Search for Triple Negative Breast Cancer Signature Open Access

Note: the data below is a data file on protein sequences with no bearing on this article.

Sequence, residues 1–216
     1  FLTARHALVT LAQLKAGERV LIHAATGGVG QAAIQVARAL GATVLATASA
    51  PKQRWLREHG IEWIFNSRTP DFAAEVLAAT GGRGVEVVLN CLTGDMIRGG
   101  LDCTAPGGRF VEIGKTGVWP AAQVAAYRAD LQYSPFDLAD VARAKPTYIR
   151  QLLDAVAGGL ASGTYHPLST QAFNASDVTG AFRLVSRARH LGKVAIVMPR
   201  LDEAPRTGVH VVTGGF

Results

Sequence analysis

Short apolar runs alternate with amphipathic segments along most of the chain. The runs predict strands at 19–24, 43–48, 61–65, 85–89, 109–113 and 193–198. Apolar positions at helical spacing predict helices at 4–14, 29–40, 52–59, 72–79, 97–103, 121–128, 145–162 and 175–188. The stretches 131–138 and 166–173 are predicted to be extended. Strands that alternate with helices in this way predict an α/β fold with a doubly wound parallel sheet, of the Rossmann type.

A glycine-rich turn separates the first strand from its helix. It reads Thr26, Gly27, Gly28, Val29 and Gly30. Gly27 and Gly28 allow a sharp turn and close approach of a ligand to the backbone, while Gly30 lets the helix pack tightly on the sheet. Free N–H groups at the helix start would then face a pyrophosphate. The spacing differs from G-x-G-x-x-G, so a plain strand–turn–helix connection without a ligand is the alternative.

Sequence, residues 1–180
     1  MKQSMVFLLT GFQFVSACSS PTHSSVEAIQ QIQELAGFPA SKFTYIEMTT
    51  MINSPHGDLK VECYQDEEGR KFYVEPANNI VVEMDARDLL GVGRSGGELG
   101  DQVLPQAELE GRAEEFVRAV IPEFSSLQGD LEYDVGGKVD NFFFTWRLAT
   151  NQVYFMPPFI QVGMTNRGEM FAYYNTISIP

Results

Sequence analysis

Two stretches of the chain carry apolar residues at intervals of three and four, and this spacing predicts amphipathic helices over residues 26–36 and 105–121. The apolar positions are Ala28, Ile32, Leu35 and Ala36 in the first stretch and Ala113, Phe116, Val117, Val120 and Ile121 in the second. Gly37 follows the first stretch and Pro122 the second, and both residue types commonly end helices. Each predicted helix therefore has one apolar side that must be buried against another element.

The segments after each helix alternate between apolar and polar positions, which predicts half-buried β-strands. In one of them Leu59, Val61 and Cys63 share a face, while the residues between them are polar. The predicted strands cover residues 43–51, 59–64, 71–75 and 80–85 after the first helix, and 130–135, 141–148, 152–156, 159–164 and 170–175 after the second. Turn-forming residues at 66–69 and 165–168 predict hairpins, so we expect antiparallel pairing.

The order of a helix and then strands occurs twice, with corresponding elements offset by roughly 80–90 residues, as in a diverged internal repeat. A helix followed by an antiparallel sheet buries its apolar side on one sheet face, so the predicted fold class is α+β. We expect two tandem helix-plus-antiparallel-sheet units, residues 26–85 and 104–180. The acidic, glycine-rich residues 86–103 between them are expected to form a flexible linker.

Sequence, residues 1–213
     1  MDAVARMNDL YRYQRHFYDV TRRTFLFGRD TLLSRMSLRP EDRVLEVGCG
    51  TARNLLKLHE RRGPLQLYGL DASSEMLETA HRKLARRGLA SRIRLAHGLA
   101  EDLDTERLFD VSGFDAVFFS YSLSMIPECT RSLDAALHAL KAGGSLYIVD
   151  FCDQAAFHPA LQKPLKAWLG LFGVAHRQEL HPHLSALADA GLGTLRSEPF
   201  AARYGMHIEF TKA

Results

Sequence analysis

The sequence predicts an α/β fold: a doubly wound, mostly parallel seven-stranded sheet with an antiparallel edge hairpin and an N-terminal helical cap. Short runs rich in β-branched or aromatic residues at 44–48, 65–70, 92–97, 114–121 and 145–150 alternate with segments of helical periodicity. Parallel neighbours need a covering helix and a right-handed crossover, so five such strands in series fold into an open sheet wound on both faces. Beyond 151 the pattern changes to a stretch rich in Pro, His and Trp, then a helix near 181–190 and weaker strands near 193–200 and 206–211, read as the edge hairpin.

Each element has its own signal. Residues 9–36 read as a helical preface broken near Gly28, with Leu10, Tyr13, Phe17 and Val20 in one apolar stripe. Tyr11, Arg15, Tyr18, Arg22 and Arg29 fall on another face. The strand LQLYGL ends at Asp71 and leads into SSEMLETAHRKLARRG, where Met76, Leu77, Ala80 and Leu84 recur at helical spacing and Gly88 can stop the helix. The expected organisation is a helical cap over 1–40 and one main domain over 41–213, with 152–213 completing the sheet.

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Search for Triple Negative Breast Cancer SignatureAbstractBackground: Triple-negative breast cancer (TNBC), an aggressive form of breast cancer in women, commonly found in younger population, is characterized by the loss of Estrogen Receptor alpha (ERα), Progesterone Receptor (PR) and Human Epidermal growth factor Receptor 2 (HER-2). Hence, commonly used therapies targeting ER, PR and HER-2 receptors are ineffective against this subtype of breast cancer. The purpose of our study is to search for unique set of genes that might be responsible for the progression of TNBC and may or not be affected by the loss of ER and HER-2. Approach: Since absence of therapeutic response of TNBC is characterized by the loss of TN-receptors, we aimed to restore ER or HER-2 in TNBC and generate a set of isogenic non-TNBC clones. Receptors were stably transfected into three different TNBC cell lines and pooled clones were isolated using G418 selection. The basal level difference in the proliferation and invasiveness in clones were studied in comparison with clones that were transfected with empty vector. The responsiveness of transfected receptors to agonists and antagonists and their effect on cell proliferation and migration were also studied. Ultimately, selected clones generated in two cell lines were subjected to gene profiling studies to identify and validate the bona-fide TNBC gene expression signature as affected by ERα or HER-2 status. Results: Expression of the test receptors in the multiple pooled clones were confirmed using western blot. Baseline data from proliferation and invasiveness assays indicated that the clones with ERα or HER-2 behaved differently than parental cells with empty vector. The transfected receptors responded to antagonist and agonist treatment. The ERα stable clones showed decreased proliferation and increased migration in response to estrogen treatment. This effect was blocked when tamoxifen was added along with estrogen. HER-2 clones didn't show any significant response to heregulin or herceptin treatment in regards to proliferation. However, the cell surface expression of HER-2 was found to be effectively downregulated with herceptin treatment. Gene expression profiling using microarrays with a p≤ 0.05 and Fold Change ≥1.5 provided a comprehensive list of differentially expressed genes between control and ERα/HER-2 clones. Among these, there were 137 genes that were differentially expressed between pCDNA and ERα clones. 25 genes, that were downregulated in ERα clones, were selected for further validation. Between pCDNA and HER-2 clones, there were 99 genes that had different expression levels and 18 genes that were downregulated in HER-2 clones were selected for further validation. Conclusion: We have successfully generated stable clones expressing either ERα and HER-2 in TNBC cell lines. The stable clones in which the receptors were restored exhibited different biological behaviors than control cells and also responded to agonist and antagonist molecules. Comparative expression profiling between receptor positive and receptor negative clones helped us narrow down several potential candidates that could define TNBC signature. With our ongoing studies, we are validating the diagnostic and/or prognostic significance of these genes in human samples.